Dry Fire like a Winner
What if I told you that you could become a good shooter without going to the range and without spending lot of money? Sound too good to be true? I thought so too, until I tried it and improved dramatically and quickly. It’s called dry fire and it’s one of the main methods of training used by many top shooters.
Dry fire is practicing without using any ammunition. Not only is it a great way to learn almost all of the skills you’ll need when you shoot real bullets, dry fire is also low cost and can be done almost anywhere in as little as five minutes for each session. It’s appropriate for all levels of shooters, whether you’re learning how to operate your gun or trying to shave hundredths of seconds off of your competition or drill times. You can benefit from dry fire whether your focus is defensive shooting, competition, or even just plinking at the range.
Because much of dry fire involves pressing the trigger, it is especially important to observe rules about safe direction. Many of the walls and other objects in a regular house would not stop a bullet if you were to make a mistake and fire a live round during dry fire. Therefore, you should only dry fire into backstops that can prevent a round from going somewhere unsafe – something that would count as cover and not concealment in your home, even if you have to improvise one.
In addition, you must be extremely careful to ensure that there is no live ammunition anywhere near where you are dry firing. If you dry fire a gun that you normally keep loaded because it is your defensive firearm, then you must not go back for “just a little more practice” after reloading the gun. It can help to have a specific ritual in place to start and end dry fire sessions, such as saying aloud three times, “dry fire practice is over”. Tools such as barrel blockers or laser-based trainers such as SIRT pistols can also be part of ensuring that live ammunition is not in your gun during dry fire.
Other tools that help set you up for dry fire success include targets and a shot timer. Scaled dry fire targets are smaller so they appear further away inside your limited dry fire space. You can make them yourself too, for other sports. A shot timer won’t allow you to time how fast you’re working in dry fire, but with a delay function they can give you a discrete start signal, and with a par time function, you can work on dry fire skills within measurable and improving goal times.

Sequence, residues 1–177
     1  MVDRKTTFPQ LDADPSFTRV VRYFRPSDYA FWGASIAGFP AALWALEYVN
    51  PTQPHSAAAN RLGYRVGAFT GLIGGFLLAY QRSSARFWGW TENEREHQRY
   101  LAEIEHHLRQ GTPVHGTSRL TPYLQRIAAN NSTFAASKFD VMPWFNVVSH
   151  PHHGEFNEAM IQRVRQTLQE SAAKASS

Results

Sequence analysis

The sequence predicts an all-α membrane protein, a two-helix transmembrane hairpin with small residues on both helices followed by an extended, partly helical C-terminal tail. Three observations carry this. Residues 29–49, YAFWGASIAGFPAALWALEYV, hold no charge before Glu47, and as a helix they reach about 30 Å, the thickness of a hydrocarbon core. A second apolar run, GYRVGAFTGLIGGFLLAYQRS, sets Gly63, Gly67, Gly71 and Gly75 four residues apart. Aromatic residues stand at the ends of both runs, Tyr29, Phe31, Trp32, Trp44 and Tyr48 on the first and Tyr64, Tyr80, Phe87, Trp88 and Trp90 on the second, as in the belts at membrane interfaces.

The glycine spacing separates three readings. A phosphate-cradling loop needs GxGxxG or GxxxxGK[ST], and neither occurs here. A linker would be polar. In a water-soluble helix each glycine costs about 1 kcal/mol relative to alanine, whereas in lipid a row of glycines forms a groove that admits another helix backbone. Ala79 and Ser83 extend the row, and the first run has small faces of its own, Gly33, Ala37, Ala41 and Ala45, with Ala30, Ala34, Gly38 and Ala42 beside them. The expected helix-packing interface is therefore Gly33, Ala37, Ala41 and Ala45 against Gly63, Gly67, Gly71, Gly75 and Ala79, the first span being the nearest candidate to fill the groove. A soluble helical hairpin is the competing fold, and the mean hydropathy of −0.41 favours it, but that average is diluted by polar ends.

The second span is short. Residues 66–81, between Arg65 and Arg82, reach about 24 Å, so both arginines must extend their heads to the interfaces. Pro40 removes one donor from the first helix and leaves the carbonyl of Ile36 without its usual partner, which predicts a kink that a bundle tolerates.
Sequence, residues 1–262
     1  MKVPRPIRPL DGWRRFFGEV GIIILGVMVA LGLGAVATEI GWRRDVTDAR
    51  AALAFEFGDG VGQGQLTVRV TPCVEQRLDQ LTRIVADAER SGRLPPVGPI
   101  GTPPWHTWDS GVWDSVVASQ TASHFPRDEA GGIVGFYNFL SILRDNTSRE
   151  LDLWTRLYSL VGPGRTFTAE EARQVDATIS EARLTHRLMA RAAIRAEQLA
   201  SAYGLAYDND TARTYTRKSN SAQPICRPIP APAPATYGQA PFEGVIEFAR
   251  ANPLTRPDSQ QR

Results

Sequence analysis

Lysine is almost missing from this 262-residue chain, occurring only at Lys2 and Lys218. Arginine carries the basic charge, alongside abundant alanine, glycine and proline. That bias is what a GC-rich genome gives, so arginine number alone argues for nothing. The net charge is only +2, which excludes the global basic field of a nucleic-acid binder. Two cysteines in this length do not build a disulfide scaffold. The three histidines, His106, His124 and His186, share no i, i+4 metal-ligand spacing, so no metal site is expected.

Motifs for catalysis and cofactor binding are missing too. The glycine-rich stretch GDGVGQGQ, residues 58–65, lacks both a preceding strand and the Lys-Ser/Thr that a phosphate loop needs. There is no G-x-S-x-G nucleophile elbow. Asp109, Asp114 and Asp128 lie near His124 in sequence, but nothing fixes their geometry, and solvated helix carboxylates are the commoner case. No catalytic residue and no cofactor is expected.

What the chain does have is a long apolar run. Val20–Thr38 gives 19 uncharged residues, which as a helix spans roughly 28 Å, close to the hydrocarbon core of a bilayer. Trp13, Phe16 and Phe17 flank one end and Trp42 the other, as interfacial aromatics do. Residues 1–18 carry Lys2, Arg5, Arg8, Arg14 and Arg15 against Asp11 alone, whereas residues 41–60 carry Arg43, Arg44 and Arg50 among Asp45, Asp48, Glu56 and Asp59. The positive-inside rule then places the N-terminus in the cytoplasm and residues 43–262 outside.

After getting set up for safe dry fire, you can use it to perfect your gun handling skills. The only things missing from practice on the range are the recoil and noise, so you can work on pistol draw, reloading of any firearm, positional shooting, and engaging multiple targets. Depending on your gun, your trigger might not ‘click’ with every press during dry fire, but you can work around that.
If you’re not sure what you can do in dry fire, there are many resources available online. For a more structured approach, I recommend the books by Ben Stoeger, Steve Anderson, and Mike Seeklander. They are largely focused on competition handgun, but the principles and ideas work across all shooting disciplines.
While as few as five minutes on an occasional basis can be helpful, you will likely find that you improve more quickly if you dry fire three to five times a week, for about 10-15 minutes in each session. Don’t make the mistake of jumping in and over-training, though – longer sessions can be counterproductive to your learning and become unsafe as your mind fatigues.
Just remember: brutal honesty with yourself is one of the most important principles of dry fire. You will cheat yourself of dry fire’s benefits if you aren’t carefully assessing your performance, since there are no holes in targets to tell you differently.
As you can see, the concept of dry fire is simple but there are a lot of directions you can go with it depending on how much time you want to devote to improving your shooting. Tell us in the comments about your dry fire routine, or what you plan on making your routine.